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    Lunar Distances v. Meridian Angles
    From: Chuck Griffiths
    Date: 2002 Feb 26, 13:07 -0500

    OK, I know George H. promised he'd cover using moon altitudes in place of lunar
    distances in his next part but I'm going to go ahead and jump the gun by asking
    a question. Now that George has helped me start to understand lunar distances I
    can't help but consider an alternative approach to finding GMT. Why can't we
    observe the altitude of the moon and one other body and, using our assumed
    latitude, solve for  the meridian angle of both bodies. The difference between
    the two angles should change by the rate at which the moon moves through the sky
    faster than another body. If that's true, can't we find the meridian angle
    between the two bodies for the even hours, say on either side of what time we
    think it is, and use the same inverse linear interpolation approach to find the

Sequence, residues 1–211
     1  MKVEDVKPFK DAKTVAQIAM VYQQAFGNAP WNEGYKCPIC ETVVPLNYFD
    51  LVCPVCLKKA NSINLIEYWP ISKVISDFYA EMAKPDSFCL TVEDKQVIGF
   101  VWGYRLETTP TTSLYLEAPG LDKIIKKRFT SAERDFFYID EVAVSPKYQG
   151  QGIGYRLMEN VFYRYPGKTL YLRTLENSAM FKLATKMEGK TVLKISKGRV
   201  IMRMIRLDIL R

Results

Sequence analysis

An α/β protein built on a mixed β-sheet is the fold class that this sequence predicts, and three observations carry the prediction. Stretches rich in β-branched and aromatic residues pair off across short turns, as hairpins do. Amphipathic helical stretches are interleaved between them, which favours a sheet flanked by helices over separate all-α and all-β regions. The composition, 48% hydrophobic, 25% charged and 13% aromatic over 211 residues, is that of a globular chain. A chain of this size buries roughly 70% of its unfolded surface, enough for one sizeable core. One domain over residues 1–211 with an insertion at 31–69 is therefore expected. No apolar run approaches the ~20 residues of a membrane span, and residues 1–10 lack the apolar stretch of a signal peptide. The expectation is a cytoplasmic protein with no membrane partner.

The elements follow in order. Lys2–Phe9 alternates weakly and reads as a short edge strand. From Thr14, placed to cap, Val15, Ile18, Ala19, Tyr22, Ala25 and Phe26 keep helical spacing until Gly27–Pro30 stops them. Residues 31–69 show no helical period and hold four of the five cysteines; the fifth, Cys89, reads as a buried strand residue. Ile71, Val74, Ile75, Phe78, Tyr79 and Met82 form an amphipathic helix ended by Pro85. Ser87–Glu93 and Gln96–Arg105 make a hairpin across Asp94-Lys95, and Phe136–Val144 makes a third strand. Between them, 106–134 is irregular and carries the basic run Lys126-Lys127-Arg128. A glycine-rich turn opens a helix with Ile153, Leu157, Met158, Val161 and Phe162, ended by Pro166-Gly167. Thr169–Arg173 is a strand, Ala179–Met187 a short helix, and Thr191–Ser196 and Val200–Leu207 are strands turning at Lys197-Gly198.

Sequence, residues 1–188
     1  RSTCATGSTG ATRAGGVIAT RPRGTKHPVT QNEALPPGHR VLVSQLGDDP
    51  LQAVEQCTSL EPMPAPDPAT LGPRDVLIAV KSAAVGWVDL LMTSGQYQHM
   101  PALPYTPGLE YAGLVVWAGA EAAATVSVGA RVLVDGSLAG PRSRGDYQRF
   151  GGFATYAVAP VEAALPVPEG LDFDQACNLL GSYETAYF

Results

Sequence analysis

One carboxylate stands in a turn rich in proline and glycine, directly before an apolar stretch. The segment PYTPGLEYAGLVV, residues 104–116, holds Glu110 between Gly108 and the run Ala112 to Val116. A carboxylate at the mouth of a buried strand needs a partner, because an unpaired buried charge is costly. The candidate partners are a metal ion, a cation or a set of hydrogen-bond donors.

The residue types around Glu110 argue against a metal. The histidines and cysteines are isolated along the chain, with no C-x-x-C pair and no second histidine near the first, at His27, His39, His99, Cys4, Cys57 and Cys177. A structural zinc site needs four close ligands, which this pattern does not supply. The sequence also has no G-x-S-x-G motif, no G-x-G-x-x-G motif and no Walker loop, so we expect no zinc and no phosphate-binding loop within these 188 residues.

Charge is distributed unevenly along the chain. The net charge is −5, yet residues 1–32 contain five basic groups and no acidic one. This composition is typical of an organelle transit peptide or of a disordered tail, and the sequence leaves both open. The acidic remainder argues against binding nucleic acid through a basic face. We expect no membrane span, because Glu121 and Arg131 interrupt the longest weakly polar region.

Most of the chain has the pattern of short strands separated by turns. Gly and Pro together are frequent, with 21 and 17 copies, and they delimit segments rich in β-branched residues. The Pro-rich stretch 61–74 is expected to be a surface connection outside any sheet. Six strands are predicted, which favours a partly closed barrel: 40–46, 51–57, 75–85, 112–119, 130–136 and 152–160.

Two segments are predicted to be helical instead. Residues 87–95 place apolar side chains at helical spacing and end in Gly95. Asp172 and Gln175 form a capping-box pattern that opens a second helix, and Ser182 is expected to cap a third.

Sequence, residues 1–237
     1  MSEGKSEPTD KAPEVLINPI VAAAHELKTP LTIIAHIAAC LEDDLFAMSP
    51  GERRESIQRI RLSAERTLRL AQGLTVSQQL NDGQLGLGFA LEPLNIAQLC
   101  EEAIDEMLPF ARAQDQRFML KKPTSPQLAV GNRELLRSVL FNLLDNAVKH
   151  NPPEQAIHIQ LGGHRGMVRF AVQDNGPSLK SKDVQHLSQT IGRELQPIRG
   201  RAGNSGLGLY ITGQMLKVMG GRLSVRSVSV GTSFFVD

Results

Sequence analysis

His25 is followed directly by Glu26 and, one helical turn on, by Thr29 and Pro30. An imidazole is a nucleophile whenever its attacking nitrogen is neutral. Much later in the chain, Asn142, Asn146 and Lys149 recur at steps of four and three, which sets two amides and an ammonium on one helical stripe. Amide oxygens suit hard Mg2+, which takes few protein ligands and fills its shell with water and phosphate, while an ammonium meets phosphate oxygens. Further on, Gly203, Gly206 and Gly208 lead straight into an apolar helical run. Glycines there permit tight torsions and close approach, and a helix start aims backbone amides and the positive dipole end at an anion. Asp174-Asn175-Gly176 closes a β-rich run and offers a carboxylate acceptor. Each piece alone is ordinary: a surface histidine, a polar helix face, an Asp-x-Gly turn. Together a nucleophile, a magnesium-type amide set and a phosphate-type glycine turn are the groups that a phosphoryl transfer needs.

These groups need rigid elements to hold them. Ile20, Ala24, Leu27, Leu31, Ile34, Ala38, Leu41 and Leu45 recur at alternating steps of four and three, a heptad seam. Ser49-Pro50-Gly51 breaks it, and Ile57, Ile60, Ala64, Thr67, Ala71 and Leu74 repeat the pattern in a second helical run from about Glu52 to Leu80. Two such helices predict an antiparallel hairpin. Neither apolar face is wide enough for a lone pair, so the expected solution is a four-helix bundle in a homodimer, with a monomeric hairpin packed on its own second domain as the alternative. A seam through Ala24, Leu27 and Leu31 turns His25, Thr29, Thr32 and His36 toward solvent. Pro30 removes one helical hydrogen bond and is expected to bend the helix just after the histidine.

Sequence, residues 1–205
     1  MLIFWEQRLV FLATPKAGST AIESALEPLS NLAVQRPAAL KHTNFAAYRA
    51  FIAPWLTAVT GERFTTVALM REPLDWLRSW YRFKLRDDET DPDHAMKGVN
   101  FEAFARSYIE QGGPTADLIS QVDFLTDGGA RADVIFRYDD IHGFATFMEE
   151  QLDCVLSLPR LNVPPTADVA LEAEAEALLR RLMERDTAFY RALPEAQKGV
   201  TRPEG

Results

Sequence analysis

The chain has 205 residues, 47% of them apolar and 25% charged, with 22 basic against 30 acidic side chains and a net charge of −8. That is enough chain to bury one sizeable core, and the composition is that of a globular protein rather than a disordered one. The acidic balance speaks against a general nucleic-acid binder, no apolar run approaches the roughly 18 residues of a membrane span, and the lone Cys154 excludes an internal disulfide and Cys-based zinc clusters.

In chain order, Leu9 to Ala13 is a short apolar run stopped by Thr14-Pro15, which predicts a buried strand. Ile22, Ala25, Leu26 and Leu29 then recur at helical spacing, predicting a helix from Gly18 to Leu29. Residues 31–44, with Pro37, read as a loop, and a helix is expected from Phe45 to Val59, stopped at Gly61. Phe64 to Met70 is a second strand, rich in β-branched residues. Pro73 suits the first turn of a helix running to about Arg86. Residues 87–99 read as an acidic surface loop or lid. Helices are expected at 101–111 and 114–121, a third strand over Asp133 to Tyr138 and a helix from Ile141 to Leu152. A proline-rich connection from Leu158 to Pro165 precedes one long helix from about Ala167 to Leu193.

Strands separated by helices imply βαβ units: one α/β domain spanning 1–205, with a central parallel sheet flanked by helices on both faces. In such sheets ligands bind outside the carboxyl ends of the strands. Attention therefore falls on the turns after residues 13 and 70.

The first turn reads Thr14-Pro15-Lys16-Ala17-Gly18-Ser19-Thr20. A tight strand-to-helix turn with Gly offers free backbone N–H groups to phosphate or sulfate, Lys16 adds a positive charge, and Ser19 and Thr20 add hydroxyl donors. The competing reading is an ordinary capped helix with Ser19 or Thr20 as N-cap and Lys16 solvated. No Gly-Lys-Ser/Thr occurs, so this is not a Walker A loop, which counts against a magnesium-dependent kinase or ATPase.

time of our sight?
    Of course, I can think of a couple issues with this approach worth discussion.
    First, this only works when the altitude of the moon and the other body change
    reasonably with time, i.e., we can't do it when either body is close to being a
    meridian sight. Second, we need both altitudes simultaneously. I think this
    could be solved by alternately observing one body then the other several times
    and graphing the sights so that we could derive an averaged simultaneous
    altitude from the graph.
    Lastly, why bother when the other methods thus far described work? It seems to
    me that if this is a workable solution it provides a method of checking time
    using techniques that are already in most navigator's "bag of tricks". That is,
    we get to correct for refraction, horizontal parallax, augmentation, etc. using
    the tabular methods we use for other sights.
    Chuck Griffiths
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